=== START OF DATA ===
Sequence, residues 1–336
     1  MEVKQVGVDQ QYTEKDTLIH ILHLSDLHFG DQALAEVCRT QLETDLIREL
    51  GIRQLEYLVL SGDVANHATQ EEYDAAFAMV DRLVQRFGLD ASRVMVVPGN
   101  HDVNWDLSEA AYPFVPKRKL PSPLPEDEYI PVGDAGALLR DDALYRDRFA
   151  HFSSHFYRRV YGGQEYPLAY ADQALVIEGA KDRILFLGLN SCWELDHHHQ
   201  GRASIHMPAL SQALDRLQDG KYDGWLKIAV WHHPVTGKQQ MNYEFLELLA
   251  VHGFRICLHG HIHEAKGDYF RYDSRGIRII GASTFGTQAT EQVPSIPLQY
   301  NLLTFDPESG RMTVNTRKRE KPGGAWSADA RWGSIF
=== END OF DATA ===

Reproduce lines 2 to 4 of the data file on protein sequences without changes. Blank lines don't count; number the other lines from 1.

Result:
     1  MEVKQVGVDQ QYTEKDTLIH ILHLSDLHFG DQALAEVCRT QLETDLIREL
    51  GIRQLEYLVL SGDVANHATQ EEYDAAFAMV DRLVQRFGLD ASRVMVVPGN
   101  HDVNWDLSEA AYPFVPKRKL PSPLPEDEYI PVGDAGALLR DDALYRDRFA